Author: Hope Ryan
Publisher: Harmony Ink Press
Pages/Word Count: 320 Pages
At a Glance: At the end of the day, this book just wasn’t for me.
Reviewed By: Jules
Blurb: Simon Williams spends his lunch periods drawing his geek and trying not to think about the terrors waiting for him at home. He needs to get away from his abusive father before he suffers the same grisly fate as his mother. Because he’s learned the hard way running away doesn’t work, he’s counting the days until his eighteenth birthday.
Jimmy Bennet should be spending his lunch studying so his senior GPA is good enough to get him into college, but he can’t seem to focus thanks to his distracting artist. When he’s given the opportunity to tutor Simon in Trig and discovers Simon’s home-life nightmare, he wants nothing more than to get Simon out of danger. This need becomes more urgent when Simon comes to school the Monday after their first date with bruises, but it takes a broken leg before Jimmy can convince his boyfriend the Bennets really want him.
But the danger Simon thought was past shows up at the most unexpected time, and he must stand up to the fears he’s held so long to protect not only himself, but the man he wants to spend his life with.
Review: I tried with this book…I tried changing my framework – looking at it from a purely YA perspective; i.e. would the things that were bugging me about it have bugged me if I were in the target demographic? Would my fifteen or sixteen year old self have thought the handling of many of the topics was as After-School-Special-ish as my grown-up self did? I tried suspending belief on some of the dramatics, and giving the benefit of the doubt that these things did and could happen… But, at the end of the day, this book just wasn’t for me.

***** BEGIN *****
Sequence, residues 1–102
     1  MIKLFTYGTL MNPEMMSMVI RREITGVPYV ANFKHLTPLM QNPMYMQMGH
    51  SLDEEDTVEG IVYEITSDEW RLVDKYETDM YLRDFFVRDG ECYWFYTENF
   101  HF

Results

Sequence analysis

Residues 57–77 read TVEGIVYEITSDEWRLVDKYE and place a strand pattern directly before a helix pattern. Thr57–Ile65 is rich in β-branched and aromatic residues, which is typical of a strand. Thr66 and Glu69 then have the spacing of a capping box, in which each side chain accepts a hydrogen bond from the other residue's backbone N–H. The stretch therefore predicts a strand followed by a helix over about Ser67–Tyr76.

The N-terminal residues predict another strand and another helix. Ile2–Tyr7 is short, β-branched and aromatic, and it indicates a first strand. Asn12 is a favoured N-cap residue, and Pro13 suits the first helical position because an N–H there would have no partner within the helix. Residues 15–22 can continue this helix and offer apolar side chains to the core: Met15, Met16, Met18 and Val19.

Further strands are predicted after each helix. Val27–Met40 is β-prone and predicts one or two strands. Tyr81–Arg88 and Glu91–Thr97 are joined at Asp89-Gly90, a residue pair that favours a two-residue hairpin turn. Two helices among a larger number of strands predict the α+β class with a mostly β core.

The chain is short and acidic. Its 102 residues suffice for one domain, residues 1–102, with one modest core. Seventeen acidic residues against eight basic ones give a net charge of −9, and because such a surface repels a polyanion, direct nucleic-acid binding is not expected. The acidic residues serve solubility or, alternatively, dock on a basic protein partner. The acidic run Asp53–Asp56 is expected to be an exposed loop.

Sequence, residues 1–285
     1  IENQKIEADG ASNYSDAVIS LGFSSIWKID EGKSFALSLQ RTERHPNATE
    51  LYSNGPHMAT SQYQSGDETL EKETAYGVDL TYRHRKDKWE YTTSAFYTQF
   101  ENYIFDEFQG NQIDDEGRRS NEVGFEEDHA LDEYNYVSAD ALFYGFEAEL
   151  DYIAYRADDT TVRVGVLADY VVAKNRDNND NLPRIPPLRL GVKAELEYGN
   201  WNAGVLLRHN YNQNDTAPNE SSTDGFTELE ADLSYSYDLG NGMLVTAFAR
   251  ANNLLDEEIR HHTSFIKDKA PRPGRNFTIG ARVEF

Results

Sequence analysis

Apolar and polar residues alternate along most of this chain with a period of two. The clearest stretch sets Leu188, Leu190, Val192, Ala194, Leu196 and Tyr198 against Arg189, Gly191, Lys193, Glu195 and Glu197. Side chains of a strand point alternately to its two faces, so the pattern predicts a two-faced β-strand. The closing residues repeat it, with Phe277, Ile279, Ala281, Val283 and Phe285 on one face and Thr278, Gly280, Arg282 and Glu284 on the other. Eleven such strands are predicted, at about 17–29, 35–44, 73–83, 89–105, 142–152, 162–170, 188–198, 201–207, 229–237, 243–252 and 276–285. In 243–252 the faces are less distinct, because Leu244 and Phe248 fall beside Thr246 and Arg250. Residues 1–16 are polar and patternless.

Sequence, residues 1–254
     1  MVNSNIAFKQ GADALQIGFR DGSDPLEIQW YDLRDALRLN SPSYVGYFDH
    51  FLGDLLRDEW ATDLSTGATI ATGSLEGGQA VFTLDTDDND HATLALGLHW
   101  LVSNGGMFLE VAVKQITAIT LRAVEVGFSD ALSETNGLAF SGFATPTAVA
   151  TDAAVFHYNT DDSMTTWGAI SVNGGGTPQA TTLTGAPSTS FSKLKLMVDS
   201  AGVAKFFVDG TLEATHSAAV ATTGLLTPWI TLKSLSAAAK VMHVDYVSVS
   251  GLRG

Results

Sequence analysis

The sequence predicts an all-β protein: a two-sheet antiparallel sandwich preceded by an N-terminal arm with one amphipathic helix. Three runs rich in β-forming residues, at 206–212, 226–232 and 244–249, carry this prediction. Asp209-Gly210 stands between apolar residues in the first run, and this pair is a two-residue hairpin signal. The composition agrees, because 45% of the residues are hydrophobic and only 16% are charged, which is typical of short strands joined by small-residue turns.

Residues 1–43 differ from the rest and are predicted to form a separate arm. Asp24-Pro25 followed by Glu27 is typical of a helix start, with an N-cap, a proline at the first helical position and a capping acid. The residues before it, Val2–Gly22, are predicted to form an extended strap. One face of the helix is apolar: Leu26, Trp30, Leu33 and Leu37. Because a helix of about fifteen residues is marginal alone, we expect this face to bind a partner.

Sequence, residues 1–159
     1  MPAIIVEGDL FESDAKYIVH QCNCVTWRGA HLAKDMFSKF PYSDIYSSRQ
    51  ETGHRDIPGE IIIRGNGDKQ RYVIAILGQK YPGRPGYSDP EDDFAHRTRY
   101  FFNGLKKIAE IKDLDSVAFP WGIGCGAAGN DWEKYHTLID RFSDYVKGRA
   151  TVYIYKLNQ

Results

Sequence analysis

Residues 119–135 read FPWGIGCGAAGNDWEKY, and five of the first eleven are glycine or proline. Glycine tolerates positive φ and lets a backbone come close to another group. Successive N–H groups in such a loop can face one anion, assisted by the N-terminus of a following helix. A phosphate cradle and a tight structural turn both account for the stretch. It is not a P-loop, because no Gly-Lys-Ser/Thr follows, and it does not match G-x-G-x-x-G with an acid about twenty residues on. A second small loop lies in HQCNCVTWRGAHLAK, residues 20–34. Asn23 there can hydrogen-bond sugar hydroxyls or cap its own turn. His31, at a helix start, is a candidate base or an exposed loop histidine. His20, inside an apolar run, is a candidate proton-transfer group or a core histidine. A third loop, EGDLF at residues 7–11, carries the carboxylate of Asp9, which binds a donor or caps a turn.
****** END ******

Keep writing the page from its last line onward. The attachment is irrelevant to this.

A Geek and His Artist tells the story of two high school kids who have both been watching each other from afar. Jimmy is a smart, sweet, mostly-closeted gay guy who has secretly been admiring “his artist” from a nearby cafeteria table for a few months. Simon is a quiet, artistic, skater boy who has similarly been watching, and drawing, Jimmy, “his geek”, for those same few months. They finally run into each other outside of school during winter break, and soon after begin talking – when Simon needs some tutoring – and then immediately begin a very serious relationship. I’m not kidding when I say immediately. These guys were calling each other “baby” (or, at least Jimmy was using the pet name for Simon, with zero surprise or objection from him) and labeling themselves as boyfriends within hours of their first conversation. And were discussing how serious they were, and actually getting engaged within a few months. Months! And, did I mention they were in high school? Yeah…
Aside from the über sweetness of the book, there was also tons of melodrama that was so completely over-the-top I couldn’t overlook it. Simon’s dad was an abusive prick. Full stop. It was well documented in the story. He even murdered – though he got away with it – Simon’s mother. It was also covered that The Bastard (this is how he was referred to in the book) did not sexually abuse Simon. There was huge worry, and then huge relief, for Jimmy after discovering Simon at least hadn’t been hurt in that way. So, I ask you, WHY did the author feel it was necessary to add the line, “…He, uh, he once told her if she’d had a girl, he might have left her alone.”? Completely unnecessary in my opinion, and added nothing to the story.
Any fondness I might have had for these guys was unfortunately completely overshadowed by the unrealistic gushy-sweetness with which they interacted, and the aforementioned melodrama. I wanted to love this book – I LOVE stories with geeks of all kinds, and artsy boys – and, in fact, I thought the Epilogue was well-done and very cute, but it wasn’t enough to save the book as a whole.
You can buy The Geek and His Artist here: